Article title is surprisingly not misleading, but has essentially nothing to do with changes since Rowe v. Wade. The woman self induced an abortion at 25 weeks and 4 days (in October of 2021) after taking abortion pills without the oversight of a physician which violated preexisting 20 week abortion bans and self induced (non physician monitored) abortion bans.

South Carolina has draconian and dystopian laws pending and working their way through the legislature currently, but this particular incident is not the beginning of the hellscape we know is coming.

The fetus was passed the point of viability outside of the womb and you can argue about the morality of what she did endlessly, but at the end of the day she was arrested for breaking old and established laws within the state.


Aloha_Snackbar357 t1_jajd34b wrote

This problem isn’t just young people experiencing a mental health crisis, it involves the elderly awaiting placement in a geriatric psychiatry unit as well.

I work in a Hospital in NH and there have been multiple times where 30-50% of the ED beds are occupied as “psych holds” which puts an unbelievable stress on the ED. Usually it’s 2/3 young people and 1/3 elderly patients. Many times those elderly patients are unceremoniously dropped there by their families “because we can’t manage him/her anymore”. Other times they are sent in because of “altered mental status” from their home nursing facility. Frequently these patients are genuinely dangerous to be around or are a genuine danger to themselves due to progression of their cognitive impairment.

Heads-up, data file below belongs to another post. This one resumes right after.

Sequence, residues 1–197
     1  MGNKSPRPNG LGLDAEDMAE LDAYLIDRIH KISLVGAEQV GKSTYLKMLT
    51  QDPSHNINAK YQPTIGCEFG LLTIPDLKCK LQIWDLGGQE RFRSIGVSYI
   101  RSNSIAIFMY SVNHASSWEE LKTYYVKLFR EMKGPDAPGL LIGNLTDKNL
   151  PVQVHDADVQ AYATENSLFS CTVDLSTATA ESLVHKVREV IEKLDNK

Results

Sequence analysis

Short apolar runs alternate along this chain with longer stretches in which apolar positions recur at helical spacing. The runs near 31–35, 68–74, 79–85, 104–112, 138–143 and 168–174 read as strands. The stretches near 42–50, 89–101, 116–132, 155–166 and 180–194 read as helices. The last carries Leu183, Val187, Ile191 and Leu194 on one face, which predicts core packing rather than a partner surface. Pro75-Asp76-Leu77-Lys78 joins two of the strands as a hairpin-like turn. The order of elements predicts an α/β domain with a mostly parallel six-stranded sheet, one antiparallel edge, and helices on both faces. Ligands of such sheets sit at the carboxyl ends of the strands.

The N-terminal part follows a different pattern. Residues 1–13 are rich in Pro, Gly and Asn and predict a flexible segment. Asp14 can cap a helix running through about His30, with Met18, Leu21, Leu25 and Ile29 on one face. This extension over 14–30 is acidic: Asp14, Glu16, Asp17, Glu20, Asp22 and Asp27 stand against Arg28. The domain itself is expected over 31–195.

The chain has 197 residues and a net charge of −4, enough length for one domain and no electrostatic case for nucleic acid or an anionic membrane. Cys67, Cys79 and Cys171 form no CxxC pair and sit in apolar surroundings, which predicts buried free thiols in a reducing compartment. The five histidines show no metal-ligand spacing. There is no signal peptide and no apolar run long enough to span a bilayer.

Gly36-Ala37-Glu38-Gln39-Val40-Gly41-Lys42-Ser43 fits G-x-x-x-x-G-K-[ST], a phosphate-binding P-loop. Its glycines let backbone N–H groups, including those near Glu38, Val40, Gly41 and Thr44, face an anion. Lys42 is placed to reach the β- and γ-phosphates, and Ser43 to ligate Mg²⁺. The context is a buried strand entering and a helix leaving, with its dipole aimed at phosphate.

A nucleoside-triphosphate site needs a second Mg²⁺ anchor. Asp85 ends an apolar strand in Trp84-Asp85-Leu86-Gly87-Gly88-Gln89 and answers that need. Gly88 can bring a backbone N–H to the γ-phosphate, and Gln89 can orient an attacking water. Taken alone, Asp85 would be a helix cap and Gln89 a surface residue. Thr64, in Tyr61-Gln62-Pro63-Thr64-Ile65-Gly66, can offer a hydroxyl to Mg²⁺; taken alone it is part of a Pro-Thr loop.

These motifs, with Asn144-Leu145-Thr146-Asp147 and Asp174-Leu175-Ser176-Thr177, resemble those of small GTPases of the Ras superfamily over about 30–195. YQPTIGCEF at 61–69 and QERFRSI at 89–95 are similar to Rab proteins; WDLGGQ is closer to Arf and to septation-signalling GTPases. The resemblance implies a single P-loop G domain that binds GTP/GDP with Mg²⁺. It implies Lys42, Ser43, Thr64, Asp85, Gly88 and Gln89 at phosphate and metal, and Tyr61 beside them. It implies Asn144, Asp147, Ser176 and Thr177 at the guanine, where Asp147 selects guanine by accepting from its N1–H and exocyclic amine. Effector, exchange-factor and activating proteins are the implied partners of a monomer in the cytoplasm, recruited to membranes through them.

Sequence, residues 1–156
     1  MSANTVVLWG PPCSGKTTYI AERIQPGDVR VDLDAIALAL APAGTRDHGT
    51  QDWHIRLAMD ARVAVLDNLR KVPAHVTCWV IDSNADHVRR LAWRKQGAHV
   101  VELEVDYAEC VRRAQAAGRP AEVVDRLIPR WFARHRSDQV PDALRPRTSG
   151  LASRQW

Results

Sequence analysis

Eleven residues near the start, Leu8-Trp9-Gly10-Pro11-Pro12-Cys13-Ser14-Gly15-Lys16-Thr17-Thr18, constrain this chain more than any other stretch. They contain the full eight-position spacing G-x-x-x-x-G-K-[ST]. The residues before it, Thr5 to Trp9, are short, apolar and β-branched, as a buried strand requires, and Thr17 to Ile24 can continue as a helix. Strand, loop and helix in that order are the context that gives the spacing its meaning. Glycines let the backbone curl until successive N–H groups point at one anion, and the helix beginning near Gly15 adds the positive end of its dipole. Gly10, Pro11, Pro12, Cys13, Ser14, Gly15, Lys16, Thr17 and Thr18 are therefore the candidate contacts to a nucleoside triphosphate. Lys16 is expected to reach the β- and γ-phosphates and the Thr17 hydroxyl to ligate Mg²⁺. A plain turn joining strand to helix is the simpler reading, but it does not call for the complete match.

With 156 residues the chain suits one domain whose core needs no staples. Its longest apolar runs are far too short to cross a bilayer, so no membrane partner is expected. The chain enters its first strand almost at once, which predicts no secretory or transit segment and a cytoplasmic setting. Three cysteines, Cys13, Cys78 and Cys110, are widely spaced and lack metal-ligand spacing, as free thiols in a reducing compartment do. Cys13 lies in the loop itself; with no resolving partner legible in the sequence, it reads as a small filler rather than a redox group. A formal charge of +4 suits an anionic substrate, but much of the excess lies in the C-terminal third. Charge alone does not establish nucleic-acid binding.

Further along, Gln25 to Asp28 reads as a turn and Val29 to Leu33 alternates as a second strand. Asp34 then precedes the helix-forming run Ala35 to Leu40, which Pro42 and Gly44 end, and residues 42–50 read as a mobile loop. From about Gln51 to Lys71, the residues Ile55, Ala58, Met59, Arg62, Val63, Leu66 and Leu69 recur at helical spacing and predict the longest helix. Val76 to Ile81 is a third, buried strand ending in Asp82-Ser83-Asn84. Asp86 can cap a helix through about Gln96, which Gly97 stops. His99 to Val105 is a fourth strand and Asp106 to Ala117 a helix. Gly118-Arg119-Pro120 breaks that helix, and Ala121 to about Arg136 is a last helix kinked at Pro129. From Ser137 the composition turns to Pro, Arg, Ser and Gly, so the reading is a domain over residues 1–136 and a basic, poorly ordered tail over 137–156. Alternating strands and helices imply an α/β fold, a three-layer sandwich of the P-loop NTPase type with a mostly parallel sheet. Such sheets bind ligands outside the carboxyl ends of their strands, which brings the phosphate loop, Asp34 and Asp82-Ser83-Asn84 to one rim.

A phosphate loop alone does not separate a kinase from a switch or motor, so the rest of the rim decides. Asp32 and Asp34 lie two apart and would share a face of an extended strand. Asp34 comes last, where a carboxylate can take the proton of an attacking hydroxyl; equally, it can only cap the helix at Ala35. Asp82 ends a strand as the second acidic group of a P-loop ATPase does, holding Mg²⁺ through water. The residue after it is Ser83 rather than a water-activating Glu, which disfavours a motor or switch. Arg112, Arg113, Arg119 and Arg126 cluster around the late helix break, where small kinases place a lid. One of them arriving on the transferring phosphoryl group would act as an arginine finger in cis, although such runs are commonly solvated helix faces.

Often these patients have end stage dementia of one sort or another (god forbid Lewy body) and are unfixable. You can quell the symptoms sometimes with antipsychotic medications, but more often than not, you are just sedating them. Even if they move out of the ED and into the hospital for one reason or another, it just moves the problem to a new venue.

I had one patient spend close to 90 days on a general medical floor as their family just refused to take them back home. We ended up having to wait for public guardianship and long term medicaid to place them in a facility for the rest of their life.